By Jon Atherton
Assemblies of tiny molecular proteins span the membranes that encapsulate our cells, directing cellular activities and regulating the transport of materials and information in and out.
In the fight against human disease, including various cancers and neurocognitive disorders, more than 60% of market drugs target these membrane proteins.
But a lack of technology has hampered scientists’ efforts to capture key information about these proteins where they live, requiring the use of artificial chemical environments.
In an important breakthrough, scientists at the Yale Nanobiology Institute have decoded a chemical signal that allows them to capture these biological interactions directly from their natural habitat.
The finding, published in Nature Methods, opens up new avenues for understanding downstream cellular applications in human health.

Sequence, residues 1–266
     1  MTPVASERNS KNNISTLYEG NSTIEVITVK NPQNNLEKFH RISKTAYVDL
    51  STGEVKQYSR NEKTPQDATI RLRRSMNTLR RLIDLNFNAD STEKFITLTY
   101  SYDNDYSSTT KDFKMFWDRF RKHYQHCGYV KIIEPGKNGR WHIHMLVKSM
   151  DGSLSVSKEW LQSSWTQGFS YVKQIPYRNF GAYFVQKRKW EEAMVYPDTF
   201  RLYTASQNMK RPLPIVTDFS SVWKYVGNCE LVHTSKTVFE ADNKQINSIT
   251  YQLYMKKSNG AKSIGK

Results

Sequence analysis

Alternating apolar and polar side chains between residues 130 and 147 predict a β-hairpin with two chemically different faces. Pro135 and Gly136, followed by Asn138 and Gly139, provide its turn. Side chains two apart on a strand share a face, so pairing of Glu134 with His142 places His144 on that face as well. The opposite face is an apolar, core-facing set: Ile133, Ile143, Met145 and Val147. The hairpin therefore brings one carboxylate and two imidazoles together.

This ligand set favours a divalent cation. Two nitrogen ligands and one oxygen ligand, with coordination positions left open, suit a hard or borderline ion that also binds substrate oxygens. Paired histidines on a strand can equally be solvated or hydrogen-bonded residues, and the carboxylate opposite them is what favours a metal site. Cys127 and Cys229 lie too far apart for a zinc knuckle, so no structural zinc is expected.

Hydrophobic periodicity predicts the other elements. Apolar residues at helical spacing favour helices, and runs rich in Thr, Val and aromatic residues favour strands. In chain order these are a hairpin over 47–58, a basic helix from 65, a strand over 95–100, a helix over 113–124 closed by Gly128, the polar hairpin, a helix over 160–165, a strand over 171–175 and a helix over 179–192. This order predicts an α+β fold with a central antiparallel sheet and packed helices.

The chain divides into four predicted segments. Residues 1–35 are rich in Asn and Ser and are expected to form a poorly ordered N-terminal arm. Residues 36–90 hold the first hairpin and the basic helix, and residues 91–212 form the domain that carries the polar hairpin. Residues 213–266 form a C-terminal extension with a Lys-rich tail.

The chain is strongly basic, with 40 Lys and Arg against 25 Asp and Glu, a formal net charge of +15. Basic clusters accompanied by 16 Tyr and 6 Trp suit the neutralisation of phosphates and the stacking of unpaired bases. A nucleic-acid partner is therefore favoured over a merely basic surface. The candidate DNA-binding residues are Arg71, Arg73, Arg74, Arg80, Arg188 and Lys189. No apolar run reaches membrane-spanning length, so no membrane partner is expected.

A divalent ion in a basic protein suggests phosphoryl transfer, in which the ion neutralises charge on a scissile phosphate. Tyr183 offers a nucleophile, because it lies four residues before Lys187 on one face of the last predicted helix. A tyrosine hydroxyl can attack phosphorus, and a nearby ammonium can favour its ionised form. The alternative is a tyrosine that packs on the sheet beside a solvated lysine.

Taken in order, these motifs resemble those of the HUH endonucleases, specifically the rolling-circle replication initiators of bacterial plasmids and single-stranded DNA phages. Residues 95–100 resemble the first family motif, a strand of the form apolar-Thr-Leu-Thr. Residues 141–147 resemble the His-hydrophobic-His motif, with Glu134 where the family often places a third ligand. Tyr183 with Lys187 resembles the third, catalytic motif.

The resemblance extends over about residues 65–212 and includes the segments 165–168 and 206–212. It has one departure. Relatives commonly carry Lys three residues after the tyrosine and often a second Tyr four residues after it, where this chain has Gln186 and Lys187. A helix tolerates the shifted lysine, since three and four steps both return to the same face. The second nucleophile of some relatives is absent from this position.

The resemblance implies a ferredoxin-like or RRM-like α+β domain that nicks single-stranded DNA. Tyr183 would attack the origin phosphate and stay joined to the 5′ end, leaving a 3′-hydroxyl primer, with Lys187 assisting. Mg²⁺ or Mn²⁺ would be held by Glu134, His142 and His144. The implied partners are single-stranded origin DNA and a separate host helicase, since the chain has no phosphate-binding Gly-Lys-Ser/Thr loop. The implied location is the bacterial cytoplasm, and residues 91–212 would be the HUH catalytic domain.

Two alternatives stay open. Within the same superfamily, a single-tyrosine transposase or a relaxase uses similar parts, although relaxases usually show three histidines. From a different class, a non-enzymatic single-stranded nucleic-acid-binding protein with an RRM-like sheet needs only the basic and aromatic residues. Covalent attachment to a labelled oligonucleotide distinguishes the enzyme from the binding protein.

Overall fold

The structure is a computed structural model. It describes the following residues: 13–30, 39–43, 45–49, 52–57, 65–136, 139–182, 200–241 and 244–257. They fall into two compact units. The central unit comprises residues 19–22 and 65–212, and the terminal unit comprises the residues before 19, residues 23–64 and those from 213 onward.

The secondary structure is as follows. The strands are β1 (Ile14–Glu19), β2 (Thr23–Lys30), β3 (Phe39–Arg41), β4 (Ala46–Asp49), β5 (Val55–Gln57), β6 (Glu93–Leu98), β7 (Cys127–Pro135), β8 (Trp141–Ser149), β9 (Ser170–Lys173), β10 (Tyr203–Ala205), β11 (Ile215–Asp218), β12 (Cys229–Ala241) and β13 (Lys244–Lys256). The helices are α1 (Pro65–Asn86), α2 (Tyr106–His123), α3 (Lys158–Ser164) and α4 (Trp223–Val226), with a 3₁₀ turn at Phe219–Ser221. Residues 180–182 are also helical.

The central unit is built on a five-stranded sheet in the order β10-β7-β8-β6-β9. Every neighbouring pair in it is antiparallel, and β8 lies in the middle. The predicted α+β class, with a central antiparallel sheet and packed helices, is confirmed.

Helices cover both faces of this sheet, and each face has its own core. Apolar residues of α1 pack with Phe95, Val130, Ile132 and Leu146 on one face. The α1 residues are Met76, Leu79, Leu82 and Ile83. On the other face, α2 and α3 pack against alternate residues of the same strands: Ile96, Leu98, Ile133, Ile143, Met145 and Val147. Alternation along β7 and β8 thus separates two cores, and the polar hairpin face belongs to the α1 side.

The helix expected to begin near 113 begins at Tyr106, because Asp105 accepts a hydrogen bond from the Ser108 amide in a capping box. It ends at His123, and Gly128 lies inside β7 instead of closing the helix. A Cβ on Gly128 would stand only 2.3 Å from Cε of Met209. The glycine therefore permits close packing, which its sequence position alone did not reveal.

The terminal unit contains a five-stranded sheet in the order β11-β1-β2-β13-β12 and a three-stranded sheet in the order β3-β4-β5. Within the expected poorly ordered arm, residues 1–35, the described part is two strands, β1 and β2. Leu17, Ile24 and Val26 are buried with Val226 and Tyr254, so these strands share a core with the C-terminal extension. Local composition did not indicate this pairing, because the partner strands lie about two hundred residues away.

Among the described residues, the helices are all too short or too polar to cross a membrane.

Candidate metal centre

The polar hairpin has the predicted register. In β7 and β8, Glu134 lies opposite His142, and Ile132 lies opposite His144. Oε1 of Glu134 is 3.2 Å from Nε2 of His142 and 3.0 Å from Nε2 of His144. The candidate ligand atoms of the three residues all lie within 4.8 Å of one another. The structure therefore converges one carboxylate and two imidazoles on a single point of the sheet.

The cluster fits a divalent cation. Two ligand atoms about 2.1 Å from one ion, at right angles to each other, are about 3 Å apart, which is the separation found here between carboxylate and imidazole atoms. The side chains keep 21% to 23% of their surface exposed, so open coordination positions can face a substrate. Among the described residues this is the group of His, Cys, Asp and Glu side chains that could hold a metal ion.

“The traditional way to analyze these membrane proteins was to put them into an artificial environment, but that was a lot like studying a fish out of water,” said Kallol Gupta, assistant professor of Cell Biology, and lead author of the study.
Previous experiments relied on the ‘brute force’ energy of conventional mass spectrometry techniques to remove proteins from their greasy membrane environments. But this damaged the proteins and their ability to bind with other molecules – including, crucially, those of potential therapeutic value.
The team at Yale’s West Campus identified a class of chemicals, called superchargers, that worked to gently destabilize the membrane while leaving the embedded proteins intact. They were then able to show how cell membranes regulate the speed of neurotransmitter release, a key step in central nervous system signaling.
This breakthrough technology opens the way for scientists to screen future therapeutics precisely and directly at the point where proteins encounter new drugs.
Aniruddha Panda, a postdoctoral researcher in the Gupta Lab, was the first author of the study, which included collaborators at the Rothman Lab, Yale Nanobiology Institute, the University of Oxford, Aarhus University, Texas Tech University and Sorbonne Université. Alongside an in-house mass spectrometer, the authors also utilized the West Campus Analytical Core and the Imaging Core in their experiments.